Linked by Thom Holwerda on Tue 15th Dec 2009 20:51 UTC
GNU, GPL, Open Source Yesterday, we reported that the Software Freedom Law Center had started a lawsuit against several companies who they claim violated the GPL. The subject of the violation was BusBox, and the SFLC claims it is operating on behalf of the authors of BusyBox. Original BusyBox author Bruce Perens, however, begs to differ.
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vivainio
Member since:
2008-12-26

It's one thing to rewrite a module to be cleaner code, more efficient, follow a better coding style, etc. - but to intentionally remove the previous author is of questionable ethic. The original author went through all the trouble of defining the behavior and logic, restating the same code with your own style/method doesn't make the original author's work any less important.


Well, the new code will still be derived work of the old code, so the original author still retains the copyright.

Basically, Perens can appeal to common decency in this, but I don't think he has legal basis for his complaint (not does he insist on having one). He's just saying that the lawsuit in question is a dirty trick (but that's what lawsuits usually are).

OTOH, if the offending distributors of Busybox failed to get something as simple as GPL compliance done right (which is basically about providing a tarball of the code they used to compile the thing), I'm surprised they managed to deliver a device in the first place.

Reply Parent Score: 4

Praxis Member since:
2009-09-17


OTOH, if the offending distributors of Busybox failed to get something as simple as GPL compliance done right (which is basically about providing a tarball of the code they used to compile the thing), I'm surprised they managed to deliver a device in the first place.


I'm betting they thought that since it was embedded stuff, no one would bother to dig inside and check. Hopefully this will teach future companies that they will be found out, so just release the code, its painless enough if you do it right from the beginning.

Reply Parent Score: 3

JoeBuck Member since:
2006-01-11

No, Bruce is not claiming that the lawsuit is a dirty trick. His whole argument is that he thinks he is a copyright holder in the current BusyBox and the current developers say that he is not.

Reply Parent Score: 3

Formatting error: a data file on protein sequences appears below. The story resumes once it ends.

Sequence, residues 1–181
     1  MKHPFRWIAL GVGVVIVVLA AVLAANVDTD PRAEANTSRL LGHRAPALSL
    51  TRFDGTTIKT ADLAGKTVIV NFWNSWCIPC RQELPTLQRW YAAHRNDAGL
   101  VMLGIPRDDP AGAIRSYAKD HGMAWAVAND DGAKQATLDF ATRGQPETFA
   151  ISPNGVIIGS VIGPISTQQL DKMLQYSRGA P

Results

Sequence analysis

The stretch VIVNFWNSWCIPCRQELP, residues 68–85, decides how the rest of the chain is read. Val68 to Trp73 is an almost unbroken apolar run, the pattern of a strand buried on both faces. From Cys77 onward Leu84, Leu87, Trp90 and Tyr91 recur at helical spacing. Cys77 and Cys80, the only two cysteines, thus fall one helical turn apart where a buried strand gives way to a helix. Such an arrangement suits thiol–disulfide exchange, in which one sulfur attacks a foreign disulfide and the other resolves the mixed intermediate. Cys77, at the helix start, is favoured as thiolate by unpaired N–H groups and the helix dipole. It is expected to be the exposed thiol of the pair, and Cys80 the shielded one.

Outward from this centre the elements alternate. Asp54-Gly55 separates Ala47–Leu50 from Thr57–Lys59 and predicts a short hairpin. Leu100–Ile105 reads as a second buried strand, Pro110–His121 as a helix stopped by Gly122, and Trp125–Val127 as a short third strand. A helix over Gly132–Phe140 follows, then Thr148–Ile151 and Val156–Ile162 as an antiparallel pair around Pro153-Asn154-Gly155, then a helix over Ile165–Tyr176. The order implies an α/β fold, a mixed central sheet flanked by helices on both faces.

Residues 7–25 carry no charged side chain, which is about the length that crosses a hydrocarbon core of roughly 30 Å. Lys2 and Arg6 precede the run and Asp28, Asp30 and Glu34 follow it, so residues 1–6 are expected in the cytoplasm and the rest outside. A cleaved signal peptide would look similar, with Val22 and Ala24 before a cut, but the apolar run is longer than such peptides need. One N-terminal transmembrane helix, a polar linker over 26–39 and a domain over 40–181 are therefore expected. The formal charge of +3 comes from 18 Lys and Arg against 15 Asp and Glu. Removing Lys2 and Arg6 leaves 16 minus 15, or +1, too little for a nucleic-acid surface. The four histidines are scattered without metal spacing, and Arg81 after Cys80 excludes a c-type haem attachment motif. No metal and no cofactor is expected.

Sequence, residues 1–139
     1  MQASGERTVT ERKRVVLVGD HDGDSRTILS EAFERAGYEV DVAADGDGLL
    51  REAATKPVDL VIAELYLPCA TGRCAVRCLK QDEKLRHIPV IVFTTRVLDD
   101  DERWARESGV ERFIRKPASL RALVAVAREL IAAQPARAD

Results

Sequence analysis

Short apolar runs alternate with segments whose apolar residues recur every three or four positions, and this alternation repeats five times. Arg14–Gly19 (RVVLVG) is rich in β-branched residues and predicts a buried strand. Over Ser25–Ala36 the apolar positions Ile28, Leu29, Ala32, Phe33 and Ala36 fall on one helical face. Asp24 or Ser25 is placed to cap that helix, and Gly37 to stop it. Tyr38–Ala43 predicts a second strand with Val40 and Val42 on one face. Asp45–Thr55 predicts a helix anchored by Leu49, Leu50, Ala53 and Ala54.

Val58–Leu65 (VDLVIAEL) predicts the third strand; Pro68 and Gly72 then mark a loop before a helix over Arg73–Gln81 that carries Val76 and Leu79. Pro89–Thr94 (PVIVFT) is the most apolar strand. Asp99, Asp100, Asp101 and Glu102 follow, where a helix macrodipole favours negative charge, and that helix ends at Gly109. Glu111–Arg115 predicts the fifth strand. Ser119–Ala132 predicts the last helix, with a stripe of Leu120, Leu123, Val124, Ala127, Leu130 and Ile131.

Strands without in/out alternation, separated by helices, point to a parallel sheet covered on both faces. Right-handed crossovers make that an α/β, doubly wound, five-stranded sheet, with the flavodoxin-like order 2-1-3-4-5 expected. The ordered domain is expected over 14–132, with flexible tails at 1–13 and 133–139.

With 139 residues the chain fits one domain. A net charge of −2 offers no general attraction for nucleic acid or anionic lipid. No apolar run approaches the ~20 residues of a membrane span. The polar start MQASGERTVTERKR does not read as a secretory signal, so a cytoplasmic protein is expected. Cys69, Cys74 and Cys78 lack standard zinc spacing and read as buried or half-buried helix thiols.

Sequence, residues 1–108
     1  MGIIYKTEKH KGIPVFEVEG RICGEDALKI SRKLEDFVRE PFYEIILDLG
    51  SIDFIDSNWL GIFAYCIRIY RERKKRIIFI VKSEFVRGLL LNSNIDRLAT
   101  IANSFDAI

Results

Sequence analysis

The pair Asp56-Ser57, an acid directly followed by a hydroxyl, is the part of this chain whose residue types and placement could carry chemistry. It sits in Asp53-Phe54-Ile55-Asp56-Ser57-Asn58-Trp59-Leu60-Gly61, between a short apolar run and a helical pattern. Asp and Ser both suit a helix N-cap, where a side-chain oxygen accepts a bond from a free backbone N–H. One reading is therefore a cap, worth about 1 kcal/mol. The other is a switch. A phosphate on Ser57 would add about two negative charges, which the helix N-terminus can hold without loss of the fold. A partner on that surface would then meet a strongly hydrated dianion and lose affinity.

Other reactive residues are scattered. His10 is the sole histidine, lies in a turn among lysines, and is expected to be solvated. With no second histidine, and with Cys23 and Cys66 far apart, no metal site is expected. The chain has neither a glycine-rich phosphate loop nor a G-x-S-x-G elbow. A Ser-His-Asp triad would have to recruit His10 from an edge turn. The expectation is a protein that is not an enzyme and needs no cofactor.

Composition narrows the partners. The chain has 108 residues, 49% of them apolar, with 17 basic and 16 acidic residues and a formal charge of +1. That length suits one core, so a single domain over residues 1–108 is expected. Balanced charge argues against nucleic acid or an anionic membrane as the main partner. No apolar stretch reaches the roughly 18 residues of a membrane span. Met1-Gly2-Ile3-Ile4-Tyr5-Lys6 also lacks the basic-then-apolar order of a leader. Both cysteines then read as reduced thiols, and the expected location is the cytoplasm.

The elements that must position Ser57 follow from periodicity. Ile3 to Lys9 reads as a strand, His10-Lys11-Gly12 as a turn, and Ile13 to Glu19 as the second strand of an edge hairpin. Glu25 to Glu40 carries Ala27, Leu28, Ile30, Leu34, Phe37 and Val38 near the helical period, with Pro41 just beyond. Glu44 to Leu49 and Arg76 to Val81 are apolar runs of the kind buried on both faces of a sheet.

vivainio Member since:
2008-12-26

His whole argument is that he thinks he is a copyright holder in the current BusyBox and the current developers say that he is not.


I didn't see that in Bruce's post.

Moreover, Bruce has been around the block for a while, and is well aware that disclaiming his copyright is impossible under the terms of GPL.

Reply Parent Score: 2

sakeniwefu Member since:
2008-02-26

If derived code is extended to mean code that was originally based on something someone once wrote even though it doesn't include any of the original code, then Wine, GNU, all the BSDs and even Linux are violating copyright.

Wine devs are in the best position as they can claim that they have not ever seen a line of Windows code(dubious as that would be) but their software is still obviously built after Windows and using windows as a reference.

As for others, all the original GNU and BSD devs had read and learnt from AT&T code as had Linus from Tanenbaum's. They also used that code as a base for their original systems linking to parts of it either directly or indirectly. The FSF claims that separate binaries are infringing too if they can only work with help from GPL code, so it should work the other way as well.

Basically if that reasoning were to be upheld in Court, most open source software would be infringing on someone's copyright.

Reply Parent Score: 3

cycoj Member since:
2007-11-04

If derived code is extended to mean code that was originally based on something someone once wrote even though it doesn't include any of the original code, then Wine, GNU, all the BSDs and even Linux are violating copyright.
Wine devs are in the best position as they can claim that they have not ever seen a line of Windows code(dubious as that would be)

dubious? why? AFAIK Wine developers are very careful that noone who has actually seen Windows code can make contributions. If code looks fishy then they don't accept it. Exactly because it would get them in a lot of legal trouble. There was even the thing about ReactOS, with someone accusing them of having used or seen Windows code and they did a full audit to make sure that wasn't the case.

but their software is still obviously built after Windows and using windows as a reference.

As for others, all the original GNU and BSD devs had read and learnt from AT&T code as had Linus from Tanenbaum's. They also used that code as a base for their original systems linking to parts of it either directly or indirectly. The FSF claims that separate binaries are infringing too if they can only work with help from GPL code, so it should work the other way as well.

Firstly quite a bit of code people looked at was/is public domain. Secondly a lot of the programming in Linux BSD ... was actually done according to standards (POSIX anyone) so looking at the standard not the original code. Thirdly if you only take a small part of a program, especially if you even cite the original implementation, that probably falls under fair use.

Basically if that reasoning were to be upheld in Court, most open source software would be infringing on someone's copyright.


IMO you're incorrect. Thing about a book, if you took e.g. Harry Potter and rewrote the whole book changing all the formulations, but not the story you would quite certainly be infringing copyright and probably be sued.

Reply Parent Score: 1